Are security hardening guides still useful?

Are security hardening guides still useful?

This was the big question we asked ourselves recently, when reading a few of them. With Linux and other Unix systems being decently hardened by default, would it still make sense to invest a lot of time to harden your system?

Hardening guides

Years ago both Windows and Linux were easy targets. A lot of system software was installed by default and these services were targeted often by malicious people and scripts. Then hardening guides came along on how to secure these services and protect systems.

Minimal installation

After hardening guides used to be a normal practice, vendors were forced to deliver at least an option to use a “clean” installation. That is, an installation with the bare minimum installed. Under Linux these kind of installations were often called “minimal”, resulting in a quick installation and only those components needed to run the system. Depending on the role, additional software then could be installed.

Do we still need them?

With vendors delivering better hardened system installations, one could argue that the need for hardening guides then dropped as well. Still, we think the need will remain for many more years to come. After all, a system without running software, is similar to a house where no one lives. It is possible, yet not really useful.

Hardening of software

While the operating system maybe be better hardened already, many software components are not. Usually they never will be hardened out-of-the-box as, they need to provide functionality. Secure by default is a nice thing, but most people rather prefer something to work than being secure.

So in other words, hardening guides will remain useful. The focus will be more on individual software components and less on the operating system. This is also the reason why our auditing tool Lynis does more than just auditing the operating system. It is the combination of a hardened base system, properly configured system components, focus on networking and more. Only if all chains are strong enough, then you can rely on using it for your precious operations.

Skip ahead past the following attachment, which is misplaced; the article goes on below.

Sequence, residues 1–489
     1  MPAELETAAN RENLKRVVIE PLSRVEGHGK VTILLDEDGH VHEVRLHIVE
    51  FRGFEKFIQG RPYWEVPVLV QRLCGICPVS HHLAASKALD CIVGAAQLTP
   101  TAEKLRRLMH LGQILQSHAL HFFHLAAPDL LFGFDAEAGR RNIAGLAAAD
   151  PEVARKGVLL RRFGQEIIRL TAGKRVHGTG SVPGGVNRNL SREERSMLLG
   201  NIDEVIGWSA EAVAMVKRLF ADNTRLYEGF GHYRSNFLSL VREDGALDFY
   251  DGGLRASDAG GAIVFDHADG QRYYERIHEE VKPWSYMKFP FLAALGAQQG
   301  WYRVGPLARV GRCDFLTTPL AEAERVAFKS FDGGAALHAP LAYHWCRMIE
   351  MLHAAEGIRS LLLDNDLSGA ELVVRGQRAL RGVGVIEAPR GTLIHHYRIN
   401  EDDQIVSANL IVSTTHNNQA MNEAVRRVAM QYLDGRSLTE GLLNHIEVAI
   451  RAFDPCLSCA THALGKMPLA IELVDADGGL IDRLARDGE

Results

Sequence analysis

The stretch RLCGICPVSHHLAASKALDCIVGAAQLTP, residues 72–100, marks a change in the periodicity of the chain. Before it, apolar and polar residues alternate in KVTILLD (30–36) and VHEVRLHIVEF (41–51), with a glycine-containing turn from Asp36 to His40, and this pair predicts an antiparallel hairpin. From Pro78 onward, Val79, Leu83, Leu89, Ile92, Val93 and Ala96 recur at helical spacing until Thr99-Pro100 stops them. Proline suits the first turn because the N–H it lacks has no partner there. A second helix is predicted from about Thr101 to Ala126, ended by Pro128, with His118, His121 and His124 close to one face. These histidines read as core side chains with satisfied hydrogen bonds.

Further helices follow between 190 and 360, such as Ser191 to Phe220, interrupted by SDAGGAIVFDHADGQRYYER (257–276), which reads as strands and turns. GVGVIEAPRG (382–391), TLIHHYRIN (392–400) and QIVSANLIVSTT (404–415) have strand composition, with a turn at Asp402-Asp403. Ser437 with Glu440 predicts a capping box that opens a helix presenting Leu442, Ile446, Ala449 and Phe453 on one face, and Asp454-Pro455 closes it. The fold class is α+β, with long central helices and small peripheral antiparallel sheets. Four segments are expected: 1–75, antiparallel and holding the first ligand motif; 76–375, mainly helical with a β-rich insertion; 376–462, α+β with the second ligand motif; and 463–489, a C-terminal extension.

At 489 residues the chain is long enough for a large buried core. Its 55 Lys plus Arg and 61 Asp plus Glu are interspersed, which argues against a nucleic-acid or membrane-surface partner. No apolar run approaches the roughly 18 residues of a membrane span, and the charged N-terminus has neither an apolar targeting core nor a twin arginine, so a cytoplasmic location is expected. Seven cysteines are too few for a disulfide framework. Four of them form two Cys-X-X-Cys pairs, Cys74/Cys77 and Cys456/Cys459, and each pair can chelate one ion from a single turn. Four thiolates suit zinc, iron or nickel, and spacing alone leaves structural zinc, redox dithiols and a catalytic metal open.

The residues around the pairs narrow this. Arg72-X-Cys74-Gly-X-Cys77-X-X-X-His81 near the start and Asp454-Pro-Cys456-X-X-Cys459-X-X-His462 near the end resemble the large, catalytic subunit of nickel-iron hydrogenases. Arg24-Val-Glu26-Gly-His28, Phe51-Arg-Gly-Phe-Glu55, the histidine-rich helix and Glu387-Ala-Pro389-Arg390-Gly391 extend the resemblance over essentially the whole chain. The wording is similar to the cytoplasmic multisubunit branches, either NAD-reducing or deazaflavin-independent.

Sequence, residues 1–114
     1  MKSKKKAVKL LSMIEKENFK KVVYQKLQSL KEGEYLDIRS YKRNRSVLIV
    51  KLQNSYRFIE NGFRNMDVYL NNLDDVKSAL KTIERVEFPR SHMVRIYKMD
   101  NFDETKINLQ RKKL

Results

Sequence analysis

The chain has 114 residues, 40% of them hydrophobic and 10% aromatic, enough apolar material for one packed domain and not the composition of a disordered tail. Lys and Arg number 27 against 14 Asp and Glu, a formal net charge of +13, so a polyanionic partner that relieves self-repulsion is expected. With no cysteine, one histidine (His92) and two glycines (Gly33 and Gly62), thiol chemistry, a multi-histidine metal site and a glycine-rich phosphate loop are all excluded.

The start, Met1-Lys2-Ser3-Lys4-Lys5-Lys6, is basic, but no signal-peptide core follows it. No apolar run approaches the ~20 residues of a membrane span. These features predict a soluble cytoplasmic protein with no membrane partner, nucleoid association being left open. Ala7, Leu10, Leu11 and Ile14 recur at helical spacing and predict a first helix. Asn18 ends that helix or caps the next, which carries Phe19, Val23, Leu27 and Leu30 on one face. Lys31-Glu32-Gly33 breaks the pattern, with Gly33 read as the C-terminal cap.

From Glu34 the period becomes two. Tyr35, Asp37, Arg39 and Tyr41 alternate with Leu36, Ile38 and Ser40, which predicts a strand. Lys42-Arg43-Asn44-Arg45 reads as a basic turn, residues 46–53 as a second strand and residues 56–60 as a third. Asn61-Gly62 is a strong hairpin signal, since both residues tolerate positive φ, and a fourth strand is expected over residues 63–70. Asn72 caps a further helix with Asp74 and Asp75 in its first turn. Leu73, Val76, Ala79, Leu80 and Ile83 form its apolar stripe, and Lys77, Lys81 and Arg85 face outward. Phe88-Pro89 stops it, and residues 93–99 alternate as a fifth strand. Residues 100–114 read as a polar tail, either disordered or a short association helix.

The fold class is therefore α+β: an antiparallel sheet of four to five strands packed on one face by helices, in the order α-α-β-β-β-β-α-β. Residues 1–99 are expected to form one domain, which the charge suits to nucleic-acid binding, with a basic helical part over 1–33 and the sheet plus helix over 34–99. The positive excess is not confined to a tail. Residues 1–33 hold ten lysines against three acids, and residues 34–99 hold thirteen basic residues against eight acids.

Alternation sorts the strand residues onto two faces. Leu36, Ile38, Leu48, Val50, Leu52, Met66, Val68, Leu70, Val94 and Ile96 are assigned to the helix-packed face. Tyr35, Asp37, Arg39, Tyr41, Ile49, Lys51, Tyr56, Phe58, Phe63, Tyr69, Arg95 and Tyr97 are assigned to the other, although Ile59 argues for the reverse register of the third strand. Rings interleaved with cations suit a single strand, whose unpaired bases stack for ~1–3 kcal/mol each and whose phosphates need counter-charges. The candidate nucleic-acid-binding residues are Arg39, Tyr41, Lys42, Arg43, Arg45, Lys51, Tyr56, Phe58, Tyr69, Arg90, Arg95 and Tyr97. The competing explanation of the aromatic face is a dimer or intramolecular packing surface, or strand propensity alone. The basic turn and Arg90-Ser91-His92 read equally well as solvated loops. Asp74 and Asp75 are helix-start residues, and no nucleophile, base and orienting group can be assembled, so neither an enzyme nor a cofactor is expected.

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3 comments

  • MartijnMartijn

    In my opinion, even reading a obsolete hardening guide is useful; not for actual system hardening, but to interest people in security and to create awareness. They sometimes reveal (security) options you never knew anything about, or highlight simple solutions to common security problems you weren’t aware of.

    When you go on and search for the reasoning behind hardening tips, you’ll find the most interesting subjects in my experience :-) even if the suggestions don’t apply any more.

    Also, checking if all the hardening options from a guide are *actually* applied may reveal configuration errors you’ve made in the past or old configurations that failed to update to the latest, safest, version.

    Reply
    • We believe also that you will learn a lot from it. Unfortunately that path is very time consuming ;-)
      There is another small risk involved with old guides, similar to “best practices”. What someday could be a best practice, may result in people changing things while they aren’t a best practice anymore. So be careful not to apply old wisdom without thinking (and researching) yourself!

      Reply
      • MartijnMartijn

        Agreed, caution is required, and it takes a lot of time.

        I usually have a couple of approaches to verify stuff before I implement them. Looking up the option in the manual for the current version usually is a good start. Googling a bit using Search Tools > ‘Part Year’, instead of ‘Any Time’ to limit old results and topics, may help as well. Sometimes searching the developer mailing lists to see what was discussed before making the option is very helpful.

        It costs a lot of time, but I think it is worth it though. Understanding something makes me feel more at ease and eventually enables me to take my own decisions based on that understanding.

        A lot of blogs don’t display any kind of time/date or version number with their articles, making it impossible to see how old the advice is. This in turn leads to a lot of badly informed people, who relay this information as good advice to others, which in turn, etc. I’ve been thinking about writing a blogpost about this problem.

        Reply

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